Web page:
So if you have lucky underwear, socks, or hats, today’s the day. I’m trying for zen at this point, but yeah, right.
amari_z: (egg)
If you've friended this journal, you might want to read the third paragraph if nothing else.

I’ve been pretty much AWOL lately, and haven’t been spending much time online at all. (So, if there’s something anyone wants me to know, please tell me/post a link in the comments, because I haven’t been keeping up.)

I’m still working on the next part of Resurrection (a/k/a teh crack). I was hoping to finish it by the end of the year, but it’s going slooowly and I don’t seem to have much time/energy for it, so that seems unlikely--although I‘m going to try to have at least a draft done (provided work doesn‘t decide to explode in my face). I’m up to about 20 pages, although they need severe rewriting. There are a bunch of things in this chapter that I’ve been building toward for ages, so hopefully when it’s done, it’ll be somewhat exciting. It’s funny--I think I originally figured I’d get to these plot points in something like the sixth part. Ha! I actually remember sitting in an airport awaiting my connection on my way back from Austria, o so many moons ago (after I had been prodded into making this a series and realized I probably couldn‘t just get away with making bad jokes), and coming up with these vague plotty things. (I think I was smirking to myself because people in the waiting area gave me a couple odd looks. Or maybe that was because they were just worried I was a terrorist.) Anyway, this just means that in addition to the usual agonizing I do when writing this stuff, there’s no pressure or anything.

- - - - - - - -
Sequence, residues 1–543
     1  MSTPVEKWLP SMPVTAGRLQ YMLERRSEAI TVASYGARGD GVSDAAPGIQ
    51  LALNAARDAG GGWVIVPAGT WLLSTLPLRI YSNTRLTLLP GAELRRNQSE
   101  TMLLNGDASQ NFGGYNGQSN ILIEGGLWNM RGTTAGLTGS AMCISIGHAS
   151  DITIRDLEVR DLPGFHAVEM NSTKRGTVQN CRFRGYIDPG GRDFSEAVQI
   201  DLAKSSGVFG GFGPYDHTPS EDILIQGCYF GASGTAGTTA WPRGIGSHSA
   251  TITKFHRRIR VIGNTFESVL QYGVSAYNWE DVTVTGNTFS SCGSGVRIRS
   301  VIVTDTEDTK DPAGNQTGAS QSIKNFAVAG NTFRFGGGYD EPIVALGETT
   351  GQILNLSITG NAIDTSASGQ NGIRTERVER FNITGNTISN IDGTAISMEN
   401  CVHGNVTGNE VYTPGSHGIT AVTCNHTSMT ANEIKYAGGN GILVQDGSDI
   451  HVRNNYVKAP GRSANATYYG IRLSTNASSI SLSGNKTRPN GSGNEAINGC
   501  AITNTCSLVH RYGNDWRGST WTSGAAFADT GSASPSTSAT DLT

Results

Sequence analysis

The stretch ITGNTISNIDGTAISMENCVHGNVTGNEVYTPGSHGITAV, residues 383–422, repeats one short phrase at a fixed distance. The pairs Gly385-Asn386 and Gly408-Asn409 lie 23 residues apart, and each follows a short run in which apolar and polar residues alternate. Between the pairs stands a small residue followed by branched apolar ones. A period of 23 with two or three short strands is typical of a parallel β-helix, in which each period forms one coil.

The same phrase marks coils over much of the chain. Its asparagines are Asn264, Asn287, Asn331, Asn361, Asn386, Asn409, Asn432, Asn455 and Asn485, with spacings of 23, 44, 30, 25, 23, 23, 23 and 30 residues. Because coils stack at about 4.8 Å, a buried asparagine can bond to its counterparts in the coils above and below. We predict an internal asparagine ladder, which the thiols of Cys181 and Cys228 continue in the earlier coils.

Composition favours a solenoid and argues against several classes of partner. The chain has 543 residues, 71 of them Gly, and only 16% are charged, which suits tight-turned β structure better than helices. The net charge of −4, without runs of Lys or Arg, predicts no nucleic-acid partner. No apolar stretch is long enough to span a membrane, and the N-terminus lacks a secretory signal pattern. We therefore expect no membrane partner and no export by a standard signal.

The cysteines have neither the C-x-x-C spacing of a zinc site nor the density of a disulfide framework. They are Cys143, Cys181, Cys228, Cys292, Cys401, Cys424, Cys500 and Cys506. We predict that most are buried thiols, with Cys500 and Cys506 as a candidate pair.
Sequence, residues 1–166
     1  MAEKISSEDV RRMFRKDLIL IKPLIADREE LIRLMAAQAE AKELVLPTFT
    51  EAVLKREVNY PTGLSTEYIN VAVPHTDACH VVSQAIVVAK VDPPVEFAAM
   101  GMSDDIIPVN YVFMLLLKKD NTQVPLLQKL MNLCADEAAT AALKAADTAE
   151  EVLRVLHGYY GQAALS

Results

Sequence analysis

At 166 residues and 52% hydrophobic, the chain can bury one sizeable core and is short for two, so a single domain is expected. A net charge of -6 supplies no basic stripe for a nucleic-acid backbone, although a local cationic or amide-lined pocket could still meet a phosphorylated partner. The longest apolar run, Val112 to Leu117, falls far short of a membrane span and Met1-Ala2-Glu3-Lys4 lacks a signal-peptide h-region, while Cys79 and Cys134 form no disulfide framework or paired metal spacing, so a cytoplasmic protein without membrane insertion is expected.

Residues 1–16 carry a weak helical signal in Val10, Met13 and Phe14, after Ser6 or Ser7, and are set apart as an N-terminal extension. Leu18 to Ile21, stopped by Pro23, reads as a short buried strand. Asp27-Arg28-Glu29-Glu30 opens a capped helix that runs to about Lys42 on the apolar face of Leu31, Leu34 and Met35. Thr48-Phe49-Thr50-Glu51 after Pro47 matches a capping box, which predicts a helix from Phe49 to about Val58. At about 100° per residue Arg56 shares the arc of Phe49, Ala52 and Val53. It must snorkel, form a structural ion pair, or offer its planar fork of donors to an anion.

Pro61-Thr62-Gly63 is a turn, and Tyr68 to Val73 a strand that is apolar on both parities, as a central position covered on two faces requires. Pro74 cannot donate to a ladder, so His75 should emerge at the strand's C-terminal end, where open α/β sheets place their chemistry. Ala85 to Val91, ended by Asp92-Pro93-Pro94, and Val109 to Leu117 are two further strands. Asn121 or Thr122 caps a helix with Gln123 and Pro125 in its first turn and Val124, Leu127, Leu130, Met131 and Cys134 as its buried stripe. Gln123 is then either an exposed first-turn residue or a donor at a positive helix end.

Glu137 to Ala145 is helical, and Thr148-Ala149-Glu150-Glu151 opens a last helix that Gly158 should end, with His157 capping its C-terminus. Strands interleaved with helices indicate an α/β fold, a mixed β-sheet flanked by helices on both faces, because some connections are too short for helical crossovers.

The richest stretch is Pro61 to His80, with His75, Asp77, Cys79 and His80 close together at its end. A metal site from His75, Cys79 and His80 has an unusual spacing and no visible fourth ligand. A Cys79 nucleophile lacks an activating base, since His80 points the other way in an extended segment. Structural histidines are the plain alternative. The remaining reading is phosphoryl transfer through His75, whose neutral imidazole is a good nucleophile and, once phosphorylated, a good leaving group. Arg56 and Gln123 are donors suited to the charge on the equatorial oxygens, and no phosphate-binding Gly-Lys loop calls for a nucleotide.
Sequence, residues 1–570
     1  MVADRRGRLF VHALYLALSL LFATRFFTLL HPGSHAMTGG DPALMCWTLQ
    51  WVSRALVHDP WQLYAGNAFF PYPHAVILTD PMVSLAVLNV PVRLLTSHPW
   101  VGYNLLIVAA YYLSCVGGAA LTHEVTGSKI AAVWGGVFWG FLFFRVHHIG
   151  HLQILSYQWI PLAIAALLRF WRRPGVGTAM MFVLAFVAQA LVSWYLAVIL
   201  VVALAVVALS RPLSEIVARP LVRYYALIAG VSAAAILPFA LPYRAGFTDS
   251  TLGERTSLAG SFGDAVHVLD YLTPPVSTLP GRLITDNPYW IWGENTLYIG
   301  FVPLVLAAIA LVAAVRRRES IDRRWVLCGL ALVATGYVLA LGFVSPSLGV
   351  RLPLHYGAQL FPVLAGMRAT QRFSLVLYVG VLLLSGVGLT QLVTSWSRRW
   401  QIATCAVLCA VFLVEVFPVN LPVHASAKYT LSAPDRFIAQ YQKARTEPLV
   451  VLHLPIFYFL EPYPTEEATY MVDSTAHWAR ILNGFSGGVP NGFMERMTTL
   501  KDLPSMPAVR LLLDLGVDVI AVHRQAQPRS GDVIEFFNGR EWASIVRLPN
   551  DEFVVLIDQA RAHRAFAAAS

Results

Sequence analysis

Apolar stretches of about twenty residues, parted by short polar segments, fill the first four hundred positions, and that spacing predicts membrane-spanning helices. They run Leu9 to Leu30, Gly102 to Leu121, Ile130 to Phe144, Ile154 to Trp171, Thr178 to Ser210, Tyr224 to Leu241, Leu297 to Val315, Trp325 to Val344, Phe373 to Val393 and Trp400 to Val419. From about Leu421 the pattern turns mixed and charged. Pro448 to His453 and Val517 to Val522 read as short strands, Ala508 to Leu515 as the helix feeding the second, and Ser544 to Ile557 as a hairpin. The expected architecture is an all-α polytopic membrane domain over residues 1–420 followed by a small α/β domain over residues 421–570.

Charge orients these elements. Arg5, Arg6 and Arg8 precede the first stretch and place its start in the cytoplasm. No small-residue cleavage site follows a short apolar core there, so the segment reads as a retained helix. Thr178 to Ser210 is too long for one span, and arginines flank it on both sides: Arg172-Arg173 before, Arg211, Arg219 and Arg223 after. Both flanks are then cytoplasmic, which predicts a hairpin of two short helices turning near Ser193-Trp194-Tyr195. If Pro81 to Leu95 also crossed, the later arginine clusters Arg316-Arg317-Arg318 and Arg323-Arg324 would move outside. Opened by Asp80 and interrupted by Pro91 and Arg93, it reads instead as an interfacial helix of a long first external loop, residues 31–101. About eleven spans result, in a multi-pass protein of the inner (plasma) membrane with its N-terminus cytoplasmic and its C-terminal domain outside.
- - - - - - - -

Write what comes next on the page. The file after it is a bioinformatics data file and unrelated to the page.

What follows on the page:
Also, I haven’t been paying attention to the friending thing for a while. I think a couple people have friended me. If you’re one of them, and you want me to friend you back, you can post something here. If you want to be added to my personal filter (mostly me venting my rage about work and other stupidities, but not even that lately), let me know, but I tend not to do that unless you have an active journal. And at some point when I get around to it, I am going to prune my filters, which are kind of a mess. This means that if you’ve haven’t commented much but are currently friended and included in the filter, I might defilter you on the assumption that you’re here for the fic (when I post any), which is all public. So, if you’re the quiet type, but don’t want to be defiltered, I’m afraid this is your chance to speak up. If you you aren't sure whether you're filtered and/or likely to be defiltered and care one way or the other, feel free to ask.